Dispute over California prison crowding to go to trial

A court-appointed referee tells federal judges that state officials and others have failed to settle the case of poor inmate healthcare.
By Tim Reiterman, Los Angeles Times Staff Writer
June 28, 2008
SAN FRANCISCO — Attempts to settle a case on California’s crowded prisons have reached an impasse over the issue of how many inmates the lockups should hold.

The failure paves the way for a trial Nov. 17 that could lead a three-judge panel to order mass releases.

On May 30, federal judges gave the parties in the complex litigation a 30-day extension to strike a deal. After hearing a court-appointed referee’s report Friday on the stalled talks, the judges said they would go ahead with a trial to determine whether overcrowding is the primary cause of unconstitutionally poor medical and mental healthcare in the state’s 33 prisons.

Referee Elwood Lui, who presided over negotiations among state officials, prisoners’ rights attorneys and other parties, said, “We were not able to bring the ball across the goal line.”

Andrea Hoch, the governor’s legal affairs secretary, said: “Agreement on a population level is key because all other settlement terms flow from that one item.”

Lui and Hoch expressed hope that an accord still could be reached before the trial.

Currently, 158,000 inmates are housed in California’s adult prisons. Liu proposed setting the population at 158% of designed capacity — which under existing conditions would translate to 132,500 people — by Sept. 15, 2012.

To help reduce the gap, parole violators and prisoners with short sentences would be sent to county-run programs instead of state penitentiaries.

But in a report unsealed Friday, Liu said state officials and plaintiffs in two civil rights suits could not agree on a population level, benchmarks for achieving such a goal or a completion date for a population reduction.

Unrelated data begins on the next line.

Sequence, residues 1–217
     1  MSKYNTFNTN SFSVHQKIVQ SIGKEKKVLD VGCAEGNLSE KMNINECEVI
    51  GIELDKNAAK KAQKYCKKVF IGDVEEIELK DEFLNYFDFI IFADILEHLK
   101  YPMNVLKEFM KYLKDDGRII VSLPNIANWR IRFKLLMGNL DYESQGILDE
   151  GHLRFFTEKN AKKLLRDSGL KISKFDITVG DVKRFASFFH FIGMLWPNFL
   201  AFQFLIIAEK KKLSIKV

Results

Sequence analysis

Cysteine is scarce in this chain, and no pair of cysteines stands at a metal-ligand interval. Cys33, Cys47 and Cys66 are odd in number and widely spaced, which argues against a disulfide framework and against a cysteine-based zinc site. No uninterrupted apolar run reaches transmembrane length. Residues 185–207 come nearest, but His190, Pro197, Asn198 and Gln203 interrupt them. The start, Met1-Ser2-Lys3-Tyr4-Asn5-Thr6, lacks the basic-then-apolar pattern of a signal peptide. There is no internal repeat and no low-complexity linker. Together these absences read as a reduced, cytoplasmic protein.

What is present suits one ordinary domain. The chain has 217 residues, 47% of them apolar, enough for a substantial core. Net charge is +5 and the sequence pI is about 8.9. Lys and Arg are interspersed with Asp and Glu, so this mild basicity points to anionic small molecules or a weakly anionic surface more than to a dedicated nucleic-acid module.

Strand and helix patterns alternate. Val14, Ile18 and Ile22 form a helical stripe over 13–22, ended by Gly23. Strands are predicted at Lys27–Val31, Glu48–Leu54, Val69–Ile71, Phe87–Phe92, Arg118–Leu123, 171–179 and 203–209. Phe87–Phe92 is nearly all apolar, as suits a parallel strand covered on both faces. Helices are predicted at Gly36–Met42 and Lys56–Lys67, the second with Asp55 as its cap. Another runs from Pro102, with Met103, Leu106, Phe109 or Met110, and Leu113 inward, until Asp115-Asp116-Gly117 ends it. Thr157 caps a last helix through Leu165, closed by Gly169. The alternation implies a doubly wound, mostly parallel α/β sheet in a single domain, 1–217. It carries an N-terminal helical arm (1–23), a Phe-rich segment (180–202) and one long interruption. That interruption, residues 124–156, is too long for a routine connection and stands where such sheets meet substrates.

Republican lawmakers and 20 district attorneys, who intervened in the case, questioned whether overcrowding is the primary cause of inadequate healthcare. They opposed population caps and the diversion of low-risk inmates, citing public safety concerns.

They also argued that overcrowding would be addressed through Assembly Bill 900, which passed last year and authorized $7.4 billion in bonds to add 53,000 beds, and through a court-appointed receiver who has sought $7 billion in borrowing for 10,000 additional medical beds.

“With all the promising work in progress designed to alleviate the conditions that gave rise to the possible need for a prisoner release order . . . a settlement . . . does not need a prison population cap in order to succeed at this time,” wrote William Mitchell, Riverside County assistant district attorney and lead counsel for the intervening district attorneys.

Steven Kaufhold, a lawyer for the Republican legislators, said in an interview, “These are large problems and are not going to be solved in a month or by November. . . . Turning [prisoners] loose is not necessarily going to help medical or mental health.”

The judges expressed skepticism about the ability of legislative action or the court-appointed receiver in charge of prison healthcare to solve the long-standing care problems any time soon.

U.S. District Judge Thelton Henderson said the receiver estimated it would take three to five years to get the system in order.

U.S. District Judge Lawrence Karlton said: “We’re told there are people dying [unnecessarily] every day.”

Don Specter of the Prison Law Office, a lead attorney for the plaintiffs, said talks broke off Monday.

“Even if we do resume talks,” he said, “the trial will go ahead unless we settle the case.”

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